Okay, so that last quote may have been derived from my own twisted mind, but I concocted that obscenity-laden tripe for a reason. I’ll admit, CTHD is a good film (especially when compared to most of the shit Hollywood big-whigs shove down America’s collective movie-going asscrack (can’t remember if that was a Numskull quote, oh well, subconscious plagiarism isn’t really plagiarism)), but to go as far as to say that it is the greatest movie of all-time, that’s pushing it. I went into the movie theater with all the hype and hoopla stuck in my mind, and when I left, I found myself asking the question, “so that was it?” Now that I think about it, I probably would have liked the film a lot more if it wasn’t for the fuckin media overkill. Then again, I’ll probably end up going off into another one of my “FUCK HOLLYWOOD” tangents, so let’s discuss the actual film, shall we.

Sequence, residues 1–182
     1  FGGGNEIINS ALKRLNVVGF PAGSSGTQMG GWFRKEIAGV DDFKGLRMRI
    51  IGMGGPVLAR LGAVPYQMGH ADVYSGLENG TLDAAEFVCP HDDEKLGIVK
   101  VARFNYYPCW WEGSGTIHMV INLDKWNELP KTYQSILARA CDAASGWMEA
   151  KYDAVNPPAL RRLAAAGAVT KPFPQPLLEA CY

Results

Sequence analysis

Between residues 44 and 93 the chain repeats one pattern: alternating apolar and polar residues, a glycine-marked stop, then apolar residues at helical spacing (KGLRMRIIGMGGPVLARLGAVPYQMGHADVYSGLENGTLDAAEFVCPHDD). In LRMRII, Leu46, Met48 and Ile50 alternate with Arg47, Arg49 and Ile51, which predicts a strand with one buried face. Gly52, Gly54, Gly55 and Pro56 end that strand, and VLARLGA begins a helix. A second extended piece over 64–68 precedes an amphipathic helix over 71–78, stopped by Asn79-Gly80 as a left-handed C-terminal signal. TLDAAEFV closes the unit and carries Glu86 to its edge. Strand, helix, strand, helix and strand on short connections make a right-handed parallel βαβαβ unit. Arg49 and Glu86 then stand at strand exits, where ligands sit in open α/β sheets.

Most of you guys know the plot synopsis, so I won’t waste your time with it. First things first, the singular aspect that impressed me the most from this film is definitely the cinematography. Peter Pau, as far as I’m concerned, is one of the best cinematographers working in the film industry today. He can master and adapt to any genre at a moments notice (just take a look at his subtle work in Anna Magdalena, and juxtapose that to his inventive genius in The Phantom Lover, and you’ll see what I mean). His work on CTHD is no different. The film is filled to the brim with painstakingly elaborate compositions that are picturesque and beautiful. The scenes that take place in the desert flashback definitely come to mind. Another great thing about Pau’s work in CTHD is the fact that he knows how to film a fight scene. Take a look at all the fight-flicks that Hollywood churns out today, and you’ll notice that ALL of the fight scenes are shot so close that it is impossible to appreciate the actors true skills. You won’t see any of that crap in CTHD, however (or any other competent martial arts film, for that matter). Pau utilizes wide shots, which, along with conservative editing, makes CTHD’s fight scenes all the more exhilarating then compared to say, Romeo Must Die (or Rush Hour, or Lethal Weapon 4, or Mortal Kombat, or Shanghai Noon, yada yada yada….) Pau’s win at this years Academy Awards finally gave him the international recognition that he deserves, and hopefully he’ll get better work in the future, instead of making more shit like Dracula 2001.